24 May, 2010

Mangos!

CPH has about 5 huge mango trees here and they are dripping with fruit!, but unfortunately this year they will not ripen (not sure why) which is very unfortunate since mango in my opinion are ‘fruit of the gods’, they are so delicious!

The frustrating thing for me is that I am super allergic to mango sap or the skin of the mango.  I can eat the fruit by the handful, but give me one fresh from the tree (or even one in the supermarket) and I get this rash starting up my arms.  I first found this out when I lived in Hawaii and was covered in a rash one day.  I thought I had poison ivy or oak, but since there was none of that on the island, the dr. said it was probably mango’s as it has the same reaction in people as a poisonous leaf.  I got it time and again in Hawaii until medication wouldn’t cure it and I had to get a shot to rid it from my body.  I shied away from mango’s after that and once back in the continental US, instead of mango sap, I suffered through the poison oak my dog, Mattie, would bring me each time we went on a hike –sort of like a special reminder of our fun day together.

I really don’t mind that I’m allergic as actually getting the fruit from a mango is not so easy.  The skin isn’t always easy to peel off and the fruit sticks to the large seed inside.  In DC, there was a woman selling ziplock baggies full of cold sliced mango on the corner near where I lived.  She charged around 2.00 for a bag and it was worth every cent on a blazing hot day.  Once my friend questioned the price and I said “Just pay it! Do you know how much work that women went through?”  I didn’t tell her that some days, I would slip the woman a $5 bill slurring out ‘keep the change’ as my mouth watered and my eyes glazed over at the beautiful orange mango flesh.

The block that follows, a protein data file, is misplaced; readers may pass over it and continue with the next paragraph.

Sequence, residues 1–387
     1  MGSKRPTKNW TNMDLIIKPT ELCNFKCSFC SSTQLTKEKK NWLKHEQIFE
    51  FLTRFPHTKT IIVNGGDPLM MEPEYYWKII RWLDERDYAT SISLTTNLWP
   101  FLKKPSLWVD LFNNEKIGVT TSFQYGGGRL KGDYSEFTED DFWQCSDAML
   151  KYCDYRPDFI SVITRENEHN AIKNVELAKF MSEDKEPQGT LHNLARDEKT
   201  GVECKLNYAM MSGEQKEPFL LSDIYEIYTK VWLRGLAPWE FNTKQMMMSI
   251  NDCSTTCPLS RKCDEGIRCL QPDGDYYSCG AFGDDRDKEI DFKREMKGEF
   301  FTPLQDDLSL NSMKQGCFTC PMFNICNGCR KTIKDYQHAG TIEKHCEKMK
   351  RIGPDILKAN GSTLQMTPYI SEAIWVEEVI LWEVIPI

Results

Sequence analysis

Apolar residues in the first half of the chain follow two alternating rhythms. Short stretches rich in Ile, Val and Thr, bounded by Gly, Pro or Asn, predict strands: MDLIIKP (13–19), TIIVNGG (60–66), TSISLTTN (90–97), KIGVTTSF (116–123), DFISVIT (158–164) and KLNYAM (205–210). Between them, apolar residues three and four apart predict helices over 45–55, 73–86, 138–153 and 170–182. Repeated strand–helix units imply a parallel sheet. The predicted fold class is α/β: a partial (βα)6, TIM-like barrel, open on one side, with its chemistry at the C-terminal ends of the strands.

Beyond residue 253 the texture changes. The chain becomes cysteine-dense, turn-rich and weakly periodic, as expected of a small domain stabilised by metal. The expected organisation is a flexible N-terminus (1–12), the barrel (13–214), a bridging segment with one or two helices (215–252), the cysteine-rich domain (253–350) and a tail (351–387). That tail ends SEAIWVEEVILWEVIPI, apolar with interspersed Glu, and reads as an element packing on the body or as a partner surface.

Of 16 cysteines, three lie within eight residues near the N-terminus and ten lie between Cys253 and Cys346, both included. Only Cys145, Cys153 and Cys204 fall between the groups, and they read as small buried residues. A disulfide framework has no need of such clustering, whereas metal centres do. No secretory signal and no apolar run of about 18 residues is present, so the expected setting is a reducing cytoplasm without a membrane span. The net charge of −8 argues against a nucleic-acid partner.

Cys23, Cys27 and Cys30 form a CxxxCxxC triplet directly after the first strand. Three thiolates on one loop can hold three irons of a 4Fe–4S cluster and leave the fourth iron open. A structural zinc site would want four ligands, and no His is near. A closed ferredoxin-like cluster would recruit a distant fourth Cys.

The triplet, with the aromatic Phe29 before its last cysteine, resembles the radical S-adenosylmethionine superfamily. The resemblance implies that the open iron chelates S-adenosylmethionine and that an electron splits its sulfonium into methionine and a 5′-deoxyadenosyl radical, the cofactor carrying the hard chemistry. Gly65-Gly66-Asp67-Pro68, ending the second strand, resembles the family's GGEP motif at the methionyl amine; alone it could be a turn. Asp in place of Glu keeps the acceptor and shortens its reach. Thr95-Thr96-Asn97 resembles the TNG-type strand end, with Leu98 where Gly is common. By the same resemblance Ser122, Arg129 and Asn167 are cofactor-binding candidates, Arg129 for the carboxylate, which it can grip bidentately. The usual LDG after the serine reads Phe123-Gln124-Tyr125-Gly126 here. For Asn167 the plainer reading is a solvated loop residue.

Here in Nepal, Bhola gave me a mango a couple of weeks ago and I couldn’t wait to dig into it.  The mango rash was in the back of my mind as I stared into the bag.  I let it sit in my room for a couple days waiting for the opportune time to devour it.  One day, I picked it up and held it why I tried to figure out how I was going to cut into it in my room.  Because I wasn’t able to bring my trusty Swiss knife with me this trip (didn’t want to check in any luggage) I was trying to McGyver my way into the fuit.  Realizing that a tweezers and a paper clip just wasn’t going to do the trick easily, I put the mango back in the bag and figured I would go down to the kitchen and borrow a knife.  I got distracted from my mission and ended up not cutting into it that day.  The next morning, low and behold, there it was…little red bumps in clumps all over my forearms!  With my head hanging low, I took the sweet mango safely encased in the bag to Bhola and Jaya’s room.  I showed him my arm and said that I can only touch the actual fruit of the mango, not the skin or I will get this rash.  I made it clear (twice) that I can EAT mango, but can’t help in the preparation of it. Being the ever-so-thoughtful man, that afternoon as I worked on the computer, I heard a little knock on the door and one of the girls entered and it was like a shining orange beam accompanied her as I saw my mango all cut up and gloriously arranged around a cup of tea!
I would have taken a photo of it, but I think I was overwrought with delight as a lone tear of pure joy rolled down my cheek. 

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